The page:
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Hamas took scores of hostages from Israel. Here's what we know about them

Hamas, the group that controls the Gaza Strip and staged the brazen surprise attack on Israel on Oct 7, took scores of hostages after storming across the border in the deadly assault that also killed at least 1,400 people.

Here’s what we know about the captives.

How many hostages are there?

The Israeli military has told the families of 199 people that their loved ones had been taken hostage, according to Rear Adm. Daniel Hagari, the chief military spokesperson. A preliminary assessment had suggested that the number was closer to at least 150 people.

Israeli authorities have not yet publicly provided specific details about the identities of the victims, but military officials have said they included older people and children. Most were captured from small Israeli border towns.

The US State Department said that at least 13 Americans remained unaccounted for, but it was not clear how many were being held hostage.

President Joe Biden said that he had spoken with families of the missing, that he was committed to the recovery effort and that there is “no higher priority than the safety of Americans being held hostage around the world.”

The Pentagon has sent a small team of Special Operations forces to Israel to assist with intelligence and planning to help locate and try to rescue the hostages held by Hamas.

Officials from France and several other countries are also looking into reports that their citizens may be among the captives. “The murdered and the missing come from over 30 countries, including the United Kingdom,” Prime Minister Rishi Sunak of Britain said, adding that 10 British citizens were missing, some of whom are feared dead.

Who are they?

Some hostages appear to have been taken from their homes in the Israeli border communities that were overrun by Palestinian gunmen on Oct. 7. Others were most likely seized from a wooded area near the border where they had spent the night at a music festival.

Some are peace activists, part of collectives near the Gaza border whose members tend to be left of center and supportive of peace initiatives and Palestinian rights.

Distraught and fearful, relatives of those believed to be held hostage have turned to news organizations and social media platforms, sharing photographs of those who are missing and sharing videos online to solicit clues. Relatives have expressed despair at the lack of information, and they say they are terrified of what an expected Israeli invasion of Gaza might mean for their loved ones.

Where are they being held?

Abu Obeida, a spokesperson for Hamas’ armed wing, claimed in a statement on the Telegram app that it had hidden “dozens of hostages” in “safe places and the tunnels of the resistance.” The group is said to use an underground network of tunnels, much of it under civilian infrastructure, to travel undetected and move weapons.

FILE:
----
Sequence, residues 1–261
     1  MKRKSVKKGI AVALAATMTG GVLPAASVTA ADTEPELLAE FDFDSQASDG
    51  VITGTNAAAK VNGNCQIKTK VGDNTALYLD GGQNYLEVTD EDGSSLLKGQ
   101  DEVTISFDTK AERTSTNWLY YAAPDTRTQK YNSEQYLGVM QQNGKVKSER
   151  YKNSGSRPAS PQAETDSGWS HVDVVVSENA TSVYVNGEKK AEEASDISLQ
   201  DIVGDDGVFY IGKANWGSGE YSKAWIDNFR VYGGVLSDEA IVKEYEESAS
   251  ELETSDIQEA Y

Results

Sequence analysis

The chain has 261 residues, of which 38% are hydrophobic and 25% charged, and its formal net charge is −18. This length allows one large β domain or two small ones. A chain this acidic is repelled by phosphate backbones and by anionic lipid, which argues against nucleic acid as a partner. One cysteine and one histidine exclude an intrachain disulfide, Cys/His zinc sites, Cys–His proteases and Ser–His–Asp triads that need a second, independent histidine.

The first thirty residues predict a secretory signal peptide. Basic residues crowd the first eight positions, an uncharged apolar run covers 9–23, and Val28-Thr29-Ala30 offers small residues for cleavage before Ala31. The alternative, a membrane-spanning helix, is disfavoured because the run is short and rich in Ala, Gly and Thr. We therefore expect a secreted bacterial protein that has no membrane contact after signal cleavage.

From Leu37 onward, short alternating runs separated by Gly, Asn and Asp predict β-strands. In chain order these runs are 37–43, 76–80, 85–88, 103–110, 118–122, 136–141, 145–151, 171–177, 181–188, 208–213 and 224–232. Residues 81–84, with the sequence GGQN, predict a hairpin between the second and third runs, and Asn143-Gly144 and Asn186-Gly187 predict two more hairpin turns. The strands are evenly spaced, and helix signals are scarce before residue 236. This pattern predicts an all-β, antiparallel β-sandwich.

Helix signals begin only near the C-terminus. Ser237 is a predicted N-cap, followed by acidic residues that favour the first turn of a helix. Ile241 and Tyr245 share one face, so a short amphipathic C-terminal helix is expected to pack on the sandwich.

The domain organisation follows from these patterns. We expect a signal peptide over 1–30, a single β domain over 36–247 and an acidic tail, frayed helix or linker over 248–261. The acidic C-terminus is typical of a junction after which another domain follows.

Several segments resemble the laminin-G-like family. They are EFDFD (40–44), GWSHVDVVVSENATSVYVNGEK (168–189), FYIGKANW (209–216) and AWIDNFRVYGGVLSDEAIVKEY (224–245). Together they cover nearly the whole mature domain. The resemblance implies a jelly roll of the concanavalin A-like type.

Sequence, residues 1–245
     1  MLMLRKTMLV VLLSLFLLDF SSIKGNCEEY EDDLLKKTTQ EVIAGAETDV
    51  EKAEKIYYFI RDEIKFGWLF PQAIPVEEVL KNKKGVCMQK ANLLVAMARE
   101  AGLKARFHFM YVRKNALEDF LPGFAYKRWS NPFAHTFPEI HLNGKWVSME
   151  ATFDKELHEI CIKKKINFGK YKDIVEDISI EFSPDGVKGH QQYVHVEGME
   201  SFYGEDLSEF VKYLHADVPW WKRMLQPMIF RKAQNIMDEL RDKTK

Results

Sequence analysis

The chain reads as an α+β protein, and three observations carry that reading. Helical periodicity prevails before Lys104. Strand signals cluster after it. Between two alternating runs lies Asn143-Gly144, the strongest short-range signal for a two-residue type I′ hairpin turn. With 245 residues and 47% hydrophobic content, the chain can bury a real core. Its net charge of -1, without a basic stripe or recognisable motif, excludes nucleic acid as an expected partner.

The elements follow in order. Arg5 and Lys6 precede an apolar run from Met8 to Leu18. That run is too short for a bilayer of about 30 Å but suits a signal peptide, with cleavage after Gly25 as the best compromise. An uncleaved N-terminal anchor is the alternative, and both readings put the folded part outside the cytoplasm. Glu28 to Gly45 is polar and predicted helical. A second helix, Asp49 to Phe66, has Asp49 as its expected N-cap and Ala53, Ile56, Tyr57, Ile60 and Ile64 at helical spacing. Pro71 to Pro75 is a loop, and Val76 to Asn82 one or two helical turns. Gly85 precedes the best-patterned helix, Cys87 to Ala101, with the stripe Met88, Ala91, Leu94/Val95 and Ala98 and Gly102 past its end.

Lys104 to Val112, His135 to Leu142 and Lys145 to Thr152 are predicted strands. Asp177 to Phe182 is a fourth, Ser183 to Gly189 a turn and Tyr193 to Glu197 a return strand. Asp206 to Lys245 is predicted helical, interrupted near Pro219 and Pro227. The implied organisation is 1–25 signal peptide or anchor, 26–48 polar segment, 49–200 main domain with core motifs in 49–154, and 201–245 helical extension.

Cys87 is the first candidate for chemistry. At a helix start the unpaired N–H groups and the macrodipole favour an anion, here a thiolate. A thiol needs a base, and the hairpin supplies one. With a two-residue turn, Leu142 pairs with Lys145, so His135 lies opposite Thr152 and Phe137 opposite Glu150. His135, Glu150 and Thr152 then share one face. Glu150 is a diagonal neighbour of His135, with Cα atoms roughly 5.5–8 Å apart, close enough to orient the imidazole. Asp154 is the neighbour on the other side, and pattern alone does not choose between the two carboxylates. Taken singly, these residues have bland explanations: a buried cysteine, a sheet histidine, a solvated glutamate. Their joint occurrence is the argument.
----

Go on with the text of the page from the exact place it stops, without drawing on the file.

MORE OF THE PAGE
Hamas has claimed that several hostages have been killed in Israeli airstrikes. The claims could not be independently verified.

How is Israel responding?

Amid widespread criticism about the lack of reliable information on the hostages, Prime Minister Benjamin Netanyahu of Israel announced the appointment of Gal Hirsch, a retired general, as coordinator for the captives and missing.

The military and the police also opened a joint center for families to register missing relatives, asking them to bring photographs and items from which the authorities could gather DNA samples.

What happens next?

The seizure of so many hostages suggests that Hamas may want to hold them as bargaining chips for a prisoner swap, and possibly to use them as human shields as Israel strikes back in Gaza. Ismail Haniyeh, the Hamas leader, had appeared to rule out prisoner exchanges as long as hostilities persist, saying, “This file will be not be opened until the end of the battle.”

UN Secretary-General António Guterres has appealed to Hamas to release the hostages immediately “without conditions.”

Last week, Hamas’ armed wing threatened to execute a civilian hostage every time an Israeli airstrike hit Gazans “in their homes without warning,” but has since made no announcements about harming them.

Thousands of Palestinians are being held in Israeli prisons, many of them convicted of security offenses or involvement in terrorism. Muhammad Deif, the leader of Hamas’ military wing, cited the detention of thousands of Palestinian militants in Israeli jails as one reason for the Oct 7 assault.

How have past hostage crises been resolved?

The issue of Israelis in captivity is a deeply emotional one in Israel.

In 2006, Gaza militants seized an Israeli soldier, Gilad Shalit, and Hamas held him for five years, until he was exchanged for more than 1,000 Palestinian prisoners, many of them convicted of deadly terrorist attacks against Israelis. Hamas has also been holding the remains of two Israeli soldiers killed in a 2014 war as well as two Israeli civilians who entered Gaza that year by foot and are believed to be alive.

Israel’s monthlong war against Hezbollah, the Lebanese Shiite militant organization, in 2006 began with a cross-border raid by Hezbollah and the abduction of two Israeli soldiers. The remains of the two soldiers were returned to Israel in 2008 as part of a prisoner exchange in which Israel handed over five Lebanese prisoners, including Samir Kuntar, who had been held for nearly three decades after being convicted in connection with a notorious attack.

(Published 17 October 2023, 04:02 IST)

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